One sort of has to wonder why this was not a slam dunk for the schedulemakers at the W before Mr. Covid decided this was his way of telling all of us he hates us.

(The feeling is mutual, Mr. Covid. We hate you too.)

Ever since Dearica Hamby’s miracle shot from last year’s playoffs, Skytown has been in its collective feelings about last season. A great step forward for a Chicago Sky team in the first year of the James Wade era where he won Coach of the Year and was within that very shot of advancing to the semifinals (and possibly the Finals).

This rendition of basketball between the Sky and Las Vegas Aces also had a game-winning trey … except we guess Chicago feels a bit better about this one.

Threes are like layups to the Quigs half of VanderQuigs – and Allie Quigley’s latest triple ensured the Sky began the 2020 season in the win column by virtue of a come-from-behind 88-86 win over Las Vegas.

In addition to Quigley’s trey – which gave her 10 points for the game (she also had four rebounds), where did Kahleah Copper come from with 18 points on seven of 16 shooting?

Also, Gabby Williams did Gabby Williams things by scoring 14 points with seven assists. Azura Stevens also chimed in with 10. Diamond DeShields did not start.

That same Hamby? 14 points, eight rebounds. If A’ja Wilson was beginning her MVP campaign, it started off on the right foot as she tallied 22 points and 11 rebounds. Angel McCoughtry’s Aces debut was not bad either – 25 points with eight boards.

Day two of WNBA play certainly had the advantage over Day one – and it is fitting that the Day two concluded with a contest featuring two teams that are not exactly high on lots of WNBA power rankings right now in the Atlanta Dream and Dallas Wings.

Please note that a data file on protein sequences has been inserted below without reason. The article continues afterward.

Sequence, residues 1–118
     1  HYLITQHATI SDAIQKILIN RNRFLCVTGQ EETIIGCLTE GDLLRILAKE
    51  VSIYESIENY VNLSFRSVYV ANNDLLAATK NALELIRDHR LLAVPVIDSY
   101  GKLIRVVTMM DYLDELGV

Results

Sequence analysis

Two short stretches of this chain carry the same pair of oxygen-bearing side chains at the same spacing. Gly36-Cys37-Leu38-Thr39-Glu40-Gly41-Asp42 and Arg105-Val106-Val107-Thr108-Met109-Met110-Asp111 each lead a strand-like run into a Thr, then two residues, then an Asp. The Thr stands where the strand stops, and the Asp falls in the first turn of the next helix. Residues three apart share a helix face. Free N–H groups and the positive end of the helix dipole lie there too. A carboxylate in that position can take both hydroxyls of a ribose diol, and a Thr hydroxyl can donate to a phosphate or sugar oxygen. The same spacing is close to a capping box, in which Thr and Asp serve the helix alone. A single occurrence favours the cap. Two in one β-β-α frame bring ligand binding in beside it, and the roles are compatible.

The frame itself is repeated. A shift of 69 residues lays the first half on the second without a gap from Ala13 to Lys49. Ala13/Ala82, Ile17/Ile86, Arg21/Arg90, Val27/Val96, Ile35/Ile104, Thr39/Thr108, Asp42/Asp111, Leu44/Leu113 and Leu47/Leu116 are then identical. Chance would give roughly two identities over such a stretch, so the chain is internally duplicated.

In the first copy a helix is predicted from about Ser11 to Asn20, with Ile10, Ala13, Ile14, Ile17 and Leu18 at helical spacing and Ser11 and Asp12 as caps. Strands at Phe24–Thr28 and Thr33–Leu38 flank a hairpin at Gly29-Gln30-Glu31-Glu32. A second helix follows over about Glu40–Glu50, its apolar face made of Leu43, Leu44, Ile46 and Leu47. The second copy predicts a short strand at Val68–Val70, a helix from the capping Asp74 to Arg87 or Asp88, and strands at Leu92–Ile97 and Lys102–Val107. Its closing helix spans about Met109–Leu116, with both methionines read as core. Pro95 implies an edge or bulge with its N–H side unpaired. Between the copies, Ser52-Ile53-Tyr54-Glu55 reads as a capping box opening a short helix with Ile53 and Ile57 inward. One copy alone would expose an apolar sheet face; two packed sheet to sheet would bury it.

Both were teams that underwent major overhauls in the offseason. Dallas, of course lost Skylar Diggins-Smith to Phoenix and Atlanta lost Angel McCoughtry to Vegas, so both teams are in the process of rediscovering its identities after losing a couple of all-time great veterans that went west.

For the Dream, it was one of its 2019 draftees that went east from west that proved to be a major catalyst why Atlanta starts 2020 in the win column.

The Dream had the last-ranked offense in the WNBA in 2019. Atlanta scored the most points of any of the 12 teams that played this weekend with 105 – and those 105 were ten more than Dallas’ 95.

Thirty of those points came by way of Monique Billings. In addition, she was 10-14 from the field and also claimed 13 rebounds. Betnijah Laney also scored 19.

With all the attention rightfully bestowed upon Sabrina Ionescu with New York, we forgot that the Dream got themselves a rather impressive draftee as well in Chennedy Carter out of Texas A&M. Eighteen points, eight assists and five rebounds for Hollywood.

All five of the Dream’s starters had double-digit point outings. Atlanta’s starting five had to carry much of the way given it was without Courtney Williams, Kalani Brown or Glory Johnson. Elizabeth Williams scored 17 points and brought in seven rebounds while Shekinna Stricklen drained four out of her seven 3 attempts for a 16-point effort.

Arike Ogunbowale (starter) and Allisha Gray (bench) each scored 19 points. Isabelle Harrison concluded her first game of 2020 with a double-double (18 points, 10 rebounds). Ty Harris had an impressive debut in her first game with 13 points and four assists – as did Satou Sabally who got the start and contributed 11 points, five rebounds and five assists to the Wings’ cause.